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From "Vivek Ratan (JIRA)" <j...@apache.org>
Subject [jira] Commented: (HADOOP-5003) When computing absoluet guaranteed capacity (GC) from a percent value, Capacity Scheduler should round up floats, rather than truncate them.
Date Wed, 21 Jan 2009 06:28:59 GMT

    [ https://issues.apache.org/jira/browse/HADOOP-5003?page=com.atlassian.jira.plugin.system.issuetabpanels:comment-tabpanel&focusedCommentId=12665722#action_12665722
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Vivek Ratan commented on HADOOP-5003:
-------------------------------------

People are not going to want SLAs that are 10 mins or higher. I think they'll be OK waiting
a few mins, maybe 5. It should be OK if we let them set whatever time they want for the queue,
but print a suitable warning message indicating that if the capacity is not reclaimed, it's
likely because of failed TTs. Small values for the SLA seem perfectly reasonable, especially
when all TTs are running. 

bq. From Q2's point of view, he doesn't see that TT1 is down. He sees that he is allocated
50% and that he isn't getting the 5 slots he should. He gets mad that no timer is running
to get him his slot back.
Well, even if you start a timer the moment the job is submitted, there is no task to kill
because nobody is running over capacity. So the timer is wasted. This is, of course, with
the assumption that the reclaim time is less than the TT failure detection time (which, as
I wrote earlier, should be allowed). 

I still don't agree with #2 and #3 of your 'Take home messages'. As per existing requirements,
the SLA is in force if there are resources to be claimed. We can change the requirements,
but it's not clear to me that we should. I'd rather modify the documentation to let users
know that if they don't see a timer being started, it's because some TTs are down. Versus
asking them to set SLAs higher than 10mins. 

I understand that you want it to be clear to the user why they're not getting all their slots.
But your only choices seem to be to force SLA times to be very high, or to provide an explanation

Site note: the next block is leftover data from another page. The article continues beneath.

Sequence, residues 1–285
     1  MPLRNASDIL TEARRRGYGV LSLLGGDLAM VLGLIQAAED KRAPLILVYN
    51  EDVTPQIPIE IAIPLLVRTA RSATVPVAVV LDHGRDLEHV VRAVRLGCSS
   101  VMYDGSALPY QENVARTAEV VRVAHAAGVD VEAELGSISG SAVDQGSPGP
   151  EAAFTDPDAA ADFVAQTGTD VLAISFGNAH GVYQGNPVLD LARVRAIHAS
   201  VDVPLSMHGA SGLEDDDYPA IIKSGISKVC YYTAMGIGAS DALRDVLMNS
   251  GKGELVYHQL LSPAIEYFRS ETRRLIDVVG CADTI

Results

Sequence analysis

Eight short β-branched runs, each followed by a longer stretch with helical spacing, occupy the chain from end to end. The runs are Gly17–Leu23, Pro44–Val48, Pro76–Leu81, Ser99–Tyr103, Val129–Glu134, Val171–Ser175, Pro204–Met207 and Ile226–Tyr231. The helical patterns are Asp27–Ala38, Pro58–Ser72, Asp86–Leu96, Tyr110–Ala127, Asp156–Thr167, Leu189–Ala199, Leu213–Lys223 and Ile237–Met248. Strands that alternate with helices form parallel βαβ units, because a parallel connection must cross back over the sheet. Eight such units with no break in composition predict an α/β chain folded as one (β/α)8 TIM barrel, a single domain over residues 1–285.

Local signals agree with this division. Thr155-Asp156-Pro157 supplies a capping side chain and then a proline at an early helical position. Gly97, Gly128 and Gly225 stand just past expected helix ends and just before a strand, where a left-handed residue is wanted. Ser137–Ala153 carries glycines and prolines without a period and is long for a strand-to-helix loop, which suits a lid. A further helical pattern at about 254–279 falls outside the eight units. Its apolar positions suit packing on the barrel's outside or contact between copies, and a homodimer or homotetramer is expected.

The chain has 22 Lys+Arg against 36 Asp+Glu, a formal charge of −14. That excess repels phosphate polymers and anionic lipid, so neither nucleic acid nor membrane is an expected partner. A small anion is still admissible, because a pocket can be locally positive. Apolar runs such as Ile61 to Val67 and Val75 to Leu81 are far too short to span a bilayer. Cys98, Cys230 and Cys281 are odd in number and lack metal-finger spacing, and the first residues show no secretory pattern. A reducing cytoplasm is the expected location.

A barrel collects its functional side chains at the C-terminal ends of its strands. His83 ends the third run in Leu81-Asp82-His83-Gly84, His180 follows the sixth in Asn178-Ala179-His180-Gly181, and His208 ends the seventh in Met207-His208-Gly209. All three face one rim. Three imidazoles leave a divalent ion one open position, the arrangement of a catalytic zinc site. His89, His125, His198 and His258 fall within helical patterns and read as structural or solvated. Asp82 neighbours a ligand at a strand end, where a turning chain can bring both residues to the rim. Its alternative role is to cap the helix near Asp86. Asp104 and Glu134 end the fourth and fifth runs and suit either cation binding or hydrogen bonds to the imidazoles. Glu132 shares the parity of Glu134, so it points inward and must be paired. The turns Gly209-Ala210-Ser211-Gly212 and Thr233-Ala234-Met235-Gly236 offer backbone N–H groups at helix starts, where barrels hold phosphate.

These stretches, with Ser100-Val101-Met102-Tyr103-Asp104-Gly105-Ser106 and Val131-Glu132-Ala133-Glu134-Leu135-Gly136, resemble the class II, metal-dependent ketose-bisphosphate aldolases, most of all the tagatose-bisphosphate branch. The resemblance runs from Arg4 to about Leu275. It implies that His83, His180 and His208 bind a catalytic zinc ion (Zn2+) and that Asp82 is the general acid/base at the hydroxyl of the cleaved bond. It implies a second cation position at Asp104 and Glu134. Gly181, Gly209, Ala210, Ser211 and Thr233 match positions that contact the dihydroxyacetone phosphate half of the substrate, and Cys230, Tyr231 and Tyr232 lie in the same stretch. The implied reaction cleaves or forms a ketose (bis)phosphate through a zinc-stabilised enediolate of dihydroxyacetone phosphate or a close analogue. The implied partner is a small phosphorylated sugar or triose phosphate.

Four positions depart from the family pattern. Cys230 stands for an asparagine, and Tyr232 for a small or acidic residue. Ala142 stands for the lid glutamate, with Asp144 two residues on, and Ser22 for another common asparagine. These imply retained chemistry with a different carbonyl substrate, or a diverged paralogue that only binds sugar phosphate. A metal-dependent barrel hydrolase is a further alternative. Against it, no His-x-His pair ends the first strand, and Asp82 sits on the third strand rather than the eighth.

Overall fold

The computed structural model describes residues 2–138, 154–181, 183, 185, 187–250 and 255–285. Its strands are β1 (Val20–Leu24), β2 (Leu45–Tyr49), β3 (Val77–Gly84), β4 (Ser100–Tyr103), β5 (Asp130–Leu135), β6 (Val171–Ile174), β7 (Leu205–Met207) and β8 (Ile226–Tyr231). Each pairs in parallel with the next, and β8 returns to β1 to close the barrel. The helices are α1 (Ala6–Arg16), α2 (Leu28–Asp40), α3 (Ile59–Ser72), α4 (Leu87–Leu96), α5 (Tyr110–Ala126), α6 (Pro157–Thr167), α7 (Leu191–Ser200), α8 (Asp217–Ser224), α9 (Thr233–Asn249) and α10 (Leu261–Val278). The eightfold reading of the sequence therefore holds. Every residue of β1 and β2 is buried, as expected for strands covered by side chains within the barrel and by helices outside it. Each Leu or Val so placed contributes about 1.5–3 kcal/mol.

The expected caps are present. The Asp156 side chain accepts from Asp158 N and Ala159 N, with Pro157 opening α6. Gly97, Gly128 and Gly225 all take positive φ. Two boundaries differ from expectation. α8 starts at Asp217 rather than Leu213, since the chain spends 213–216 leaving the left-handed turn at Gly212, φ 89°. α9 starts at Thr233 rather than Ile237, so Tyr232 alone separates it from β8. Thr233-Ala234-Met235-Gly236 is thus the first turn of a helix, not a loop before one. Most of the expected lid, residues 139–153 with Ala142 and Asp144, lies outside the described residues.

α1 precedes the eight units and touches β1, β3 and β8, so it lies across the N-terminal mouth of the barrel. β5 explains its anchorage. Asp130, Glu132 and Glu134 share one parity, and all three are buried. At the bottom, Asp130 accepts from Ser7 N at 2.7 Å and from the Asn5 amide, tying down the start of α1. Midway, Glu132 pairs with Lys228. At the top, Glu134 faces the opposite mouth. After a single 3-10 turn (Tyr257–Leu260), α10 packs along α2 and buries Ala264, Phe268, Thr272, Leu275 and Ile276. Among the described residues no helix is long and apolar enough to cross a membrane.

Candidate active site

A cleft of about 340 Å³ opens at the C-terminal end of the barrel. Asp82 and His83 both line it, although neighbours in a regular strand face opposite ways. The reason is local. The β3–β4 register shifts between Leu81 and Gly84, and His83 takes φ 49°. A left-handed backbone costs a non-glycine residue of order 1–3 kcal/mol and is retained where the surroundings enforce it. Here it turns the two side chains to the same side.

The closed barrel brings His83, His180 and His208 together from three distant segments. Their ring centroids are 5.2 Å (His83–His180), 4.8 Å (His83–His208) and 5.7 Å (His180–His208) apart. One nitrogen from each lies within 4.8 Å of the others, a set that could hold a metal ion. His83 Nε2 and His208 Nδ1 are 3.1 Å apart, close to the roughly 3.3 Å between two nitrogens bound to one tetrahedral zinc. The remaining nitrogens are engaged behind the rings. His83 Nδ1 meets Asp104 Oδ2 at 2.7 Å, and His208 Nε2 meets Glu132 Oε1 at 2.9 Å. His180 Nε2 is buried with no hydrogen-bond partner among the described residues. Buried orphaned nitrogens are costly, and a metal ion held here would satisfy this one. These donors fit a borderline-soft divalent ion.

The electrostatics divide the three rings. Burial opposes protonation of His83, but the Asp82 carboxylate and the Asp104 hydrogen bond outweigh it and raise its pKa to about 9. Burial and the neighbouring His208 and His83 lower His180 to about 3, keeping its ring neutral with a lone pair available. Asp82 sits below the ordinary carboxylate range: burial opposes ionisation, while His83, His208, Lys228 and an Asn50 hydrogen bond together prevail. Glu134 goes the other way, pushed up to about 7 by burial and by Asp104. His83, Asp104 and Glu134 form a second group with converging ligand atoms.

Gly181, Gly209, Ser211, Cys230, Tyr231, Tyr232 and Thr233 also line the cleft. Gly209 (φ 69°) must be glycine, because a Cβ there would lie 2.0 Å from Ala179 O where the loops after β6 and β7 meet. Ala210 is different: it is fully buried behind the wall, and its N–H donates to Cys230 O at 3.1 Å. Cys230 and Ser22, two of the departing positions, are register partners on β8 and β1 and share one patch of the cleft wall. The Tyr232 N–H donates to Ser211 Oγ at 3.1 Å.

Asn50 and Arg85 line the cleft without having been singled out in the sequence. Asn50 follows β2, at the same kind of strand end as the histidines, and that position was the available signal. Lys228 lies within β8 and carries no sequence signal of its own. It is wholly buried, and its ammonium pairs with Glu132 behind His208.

somewhere (in documentation, UI, or whatever). We should do the latter, but realize that if
we're accepting smaller SLA times, setting timers early will not help - users will still not
get their slots back if TTs are down. 

> When computing absoluet guaranteed capacity (GC) from a percent value, Capacity Scheduler
should round up floats, rather than truncate them.
> --------------------------------------------------------------------------------------------------------------------------------------------
>
>                 Key: HADOOP-5003
>                 URL: https://issues.apache.org/jira/browse/HADOOP-5003
>             Project: Hadoop Core
>          Issue Type: Bug
>          Components: contrib/capacity-sched
>            Reporter: Vivek Ratan
>            Priority: Minor
>
> The Capacity Scheduler calculates a queue's absolute GC value by getting its percent
of the total cluster capacity (which is a float, since the configured GC% is a float) and
casting it to an int. Casting a float to an int always rounds down. For very small clusters,
this can result in the GC of a queue being one lower than what it should be. For example,
if Q1 has a GC of 50%, Q2 has a GC of 40%, and Q3 has a GC of 10%, and if the cluster capacity
is 4 (as we have, in our test cases), Q1's GC works out to 2, Q2's to 1, and Q3's to 0 with
today's code. Q2's capacity should really be 2, as 40% of 4, rounded up, should be 2. 
> Simple fix is to use Math.round() rather than cast to an int. 

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